Harry Fleisher's arrest file was one of the thickest in the history of the Detroit Police Department coming in at 204 pages. He was arrested thirty times for charges ranging from receiving stolen property, grand larceny, violating the prohibition law, armed robbery, assault with intent to kill, kidnapping, possession of an unregistered gun, suspicion of murder, and a traffic violation. Convicted four times but serving no jail time, Fleisher paid fines totaling $715--chump change for him. What he paid in lawyer fees was much higher.

Despite Prohibition ending on December 5, 1933, there was still money to be made in trafficking illegal alcohol. Now that the state and federal governments were in the liquor business, the cost of legal booze with a federal tax stamp was costly. Harry and his youngest brother Sam were operators of a 4,000 gallon unregistered distillery that took up three stories of a warehouse building at 5620 Federal Avenue.

Sam Fleicher 1935 (twenty-four years old)
While under FBI surveillance, Sam drove a semi-truck loaded with 10,500 pounds of brown sugar--purchased from a wholesaler in Cleveland, Ohio--to the Guardian Transit Company warehouse at Sixteenth and Pine Streets in Detroit. The brown sugar was loaded into smaller vans and transported to the Fleisher brothers' distillery. On April 11, 1935, a Federal alcohol tax unit raided the operation and arrested former Purple Gang members Sam Fleisher, Jack Selbin, and Joe Stein. Once again, Harry managed to escape before he was arrested.

Harry Fleisher was named in the original warrant but remained at large until he surrendered himself to Federal authorities on October 29, 1935 when he was indicted, placed under a $2,500 bond, and held over for trial with the other men. All four men were convicted on April 11, 1936 of conspiracy to violate the Internal Revenue Service Act, given eight-year prison sentences and fined $20,000 each. Additionally, the Fleisher brothers had a federal tax lien of $14,028 levied against them for unpaid taxes on 2,275 gallons of alcohol.

The convicted men were transitioned into the federal penitentiary system in Leavenworth, Kansas. After a month of quarantine, they were taken by train to San Francisco, and from there were ferried across the bay to Alcatraz Island where they served four and a half years of their eight-year sentence. They were released early for good behavior. Again, the men were transitioned to Leavenworth before being released on June 28, 1940. In 1941, Harry Fleisher opened a florist shop on Twelfth Street. Sam went to work at his father's junkyard in Jackson, Michigan after his release.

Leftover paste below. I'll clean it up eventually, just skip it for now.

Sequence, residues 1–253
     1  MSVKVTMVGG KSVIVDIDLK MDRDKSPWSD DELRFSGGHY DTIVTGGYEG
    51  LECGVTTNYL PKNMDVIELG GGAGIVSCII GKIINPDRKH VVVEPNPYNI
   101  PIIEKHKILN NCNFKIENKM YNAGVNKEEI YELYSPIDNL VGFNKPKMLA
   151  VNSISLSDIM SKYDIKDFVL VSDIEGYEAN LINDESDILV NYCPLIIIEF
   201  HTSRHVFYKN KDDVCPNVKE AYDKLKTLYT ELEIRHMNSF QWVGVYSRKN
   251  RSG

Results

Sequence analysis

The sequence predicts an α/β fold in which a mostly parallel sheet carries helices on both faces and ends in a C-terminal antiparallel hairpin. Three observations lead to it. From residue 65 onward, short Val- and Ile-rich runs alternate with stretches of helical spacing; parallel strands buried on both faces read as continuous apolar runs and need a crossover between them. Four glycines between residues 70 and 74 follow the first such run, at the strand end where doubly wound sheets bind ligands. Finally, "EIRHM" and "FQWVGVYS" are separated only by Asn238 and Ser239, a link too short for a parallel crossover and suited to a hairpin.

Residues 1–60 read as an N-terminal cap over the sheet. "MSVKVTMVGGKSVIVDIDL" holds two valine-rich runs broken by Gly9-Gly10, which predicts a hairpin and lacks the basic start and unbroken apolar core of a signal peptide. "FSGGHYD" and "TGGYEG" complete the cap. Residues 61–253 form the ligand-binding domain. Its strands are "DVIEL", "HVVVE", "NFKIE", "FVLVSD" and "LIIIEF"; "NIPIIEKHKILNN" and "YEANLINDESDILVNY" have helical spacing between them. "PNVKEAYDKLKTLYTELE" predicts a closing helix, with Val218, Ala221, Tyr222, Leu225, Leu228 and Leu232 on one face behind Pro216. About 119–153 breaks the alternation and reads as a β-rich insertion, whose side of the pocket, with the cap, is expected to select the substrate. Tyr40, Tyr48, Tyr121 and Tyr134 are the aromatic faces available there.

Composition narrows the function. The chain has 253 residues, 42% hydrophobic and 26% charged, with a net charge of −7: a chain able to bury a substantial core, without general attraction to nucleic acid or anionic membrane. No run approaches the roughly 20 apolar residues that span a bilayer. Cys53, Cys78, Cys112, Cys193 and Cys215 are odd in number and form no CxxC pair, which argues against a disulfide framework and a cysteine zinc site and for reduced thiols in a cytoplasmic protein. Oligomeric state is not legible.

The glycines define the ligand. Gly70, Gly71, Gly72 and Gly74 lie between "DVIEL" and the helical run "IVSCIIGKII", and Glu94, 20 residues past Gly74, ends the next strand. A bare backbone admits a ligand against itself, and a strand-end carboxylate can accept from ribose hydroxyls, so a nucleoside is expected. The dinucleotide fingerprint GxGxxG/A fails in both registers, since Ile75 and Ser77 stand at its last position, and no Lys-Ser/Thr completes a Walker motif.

Michigan State Senator Warren G. Hooper
Harry and Sam were habitual criminals determined to lead a life of crime. On January 11, 1945, State Senator Warren G. Hooper--while en route to his home in Albion, Michigan--was shot three times in the head at close range and found next to his burning car on U.S. Highway 99 near Springport in Jackson County. Passing drivers told state police they saw a maroon car blocking Hooper's sedan on the wrong side of the highway. Hooper was slated to be a key witness against Frank D. McKay--former Republican National Committeeman--in a state government race track bribery case.

Chief of the Michigan State Police Detective Harold Mulbar told the press that Senator Hooper had refused police protection. "The Hooper murder was definitely a paid gangster killing," Mulbar said. An intensive search for the killers kicked up several ex-cons who pointed the finger at four men who tried to hire them to assassinate the state senator. Fearing they would violate their paroles and be sent back to prison, the ex-cons turned state's evidence. The corroborated testimony of Henry Luks, Al Kurner, and Sam Abramowitz led to the convictions of Harry Fleisher, Sam Fleisher, Myron "Mikey" Selik, and Pete Mahoney for conspiracy to commit murder. 

The conspiracy was hatched at O'Larry's Bar located at Boston and Dexter Streets in Detroit. First, Henry Luks was asked if he knew how to wire dynamite to a car's ignition. Luks said he did. Several days later, he reconsidered and said he didn't have access to dynamite and refused the $3,000 job. Alfred Kurner was then asked and offered the same amount, but he also refused citing problems with the parole board. Then, Sam Abramowitz agreed, but after making several trips to Adrian in preparation for the hit, he dropped out of the plot when he saw Hopper at home with his wife and kids. Abramowitz didn't have the stomach for it. He returned to Flint, Michigan where he had worked as a barber since his parole from Jackson Prison in 1943.